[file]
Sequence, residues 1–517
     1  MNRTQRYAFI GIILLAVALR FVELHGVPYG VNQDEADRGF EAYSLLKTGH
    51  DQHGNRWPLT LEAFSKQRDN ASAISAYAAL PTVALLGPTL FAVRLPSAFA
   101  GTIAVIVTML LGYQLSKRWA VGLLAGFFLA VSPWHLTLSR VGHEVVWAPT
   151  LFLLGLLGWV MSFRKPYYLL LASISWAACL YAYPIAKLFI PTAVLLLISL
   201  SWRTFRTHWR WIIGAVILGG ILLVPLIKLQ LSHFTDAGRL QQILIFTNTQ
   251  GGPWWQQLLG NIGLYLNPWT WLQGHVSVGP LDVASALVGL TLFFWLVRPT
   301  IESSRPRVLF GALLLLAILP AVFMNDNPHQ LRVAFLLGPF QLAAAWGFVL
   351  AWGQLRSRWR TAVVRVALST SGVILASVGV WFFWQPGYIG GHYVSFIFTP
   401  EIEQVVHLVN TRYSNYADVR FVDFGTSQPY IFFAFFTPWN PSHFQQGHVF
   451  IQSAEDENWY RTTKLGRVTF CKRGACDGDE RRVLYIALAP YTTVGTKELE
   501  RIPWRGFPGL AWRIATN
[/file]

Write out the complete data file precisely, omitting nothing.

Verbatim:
Sequence, residues 1–517
     1  MNRTQRYAFI GIILLAVALR FVELHGVPYG VNQDEADRGF EAYSLLKTGH
    51  DQHGNRWPLT LEAFSKQRDN ASAISAYAAL PTVALLGPTL FAVRLPSAFA
   101  GTIAVIVTML LGYQLSKRWA VGLLAGFFLA VSPWHLTLSR VGHEVVWAPT
   151  LFLLGLLGWV MSFRKPYYLL LASISWAACL YAYPIAKLFI PTAVLLLISL
   201  SWRTFRTHWR WIIGAVILGG ILLVPLIKLQ LSHFTDAGRL QQILIFTNTQ
   251  GGPWWQQLLG NIGLYLNPWT WLQGHVSVGP LDVASALVGL TLFFWLVRPT
   301  IESSRPRVLF GALLLLAILP AVFMNDNPHQ LRVAFLLGPF QLAAAWGFVL
   351  AWGQLRSRWR TAVVRVALST SGVILASVGV WFFWQPGYIG GHYVSFIFTP
   401  EIEQVVHLVN TRYSNYADVR FVDFGTSQPY IFFAFFTPWN PSHFQQGHVF
   451  IQSAEDENWY RTTKLGRVTF CKRGACDGDE RRVLYIALAP YTTVGTKELE
   501  RIPWRGFPGL AWRIATN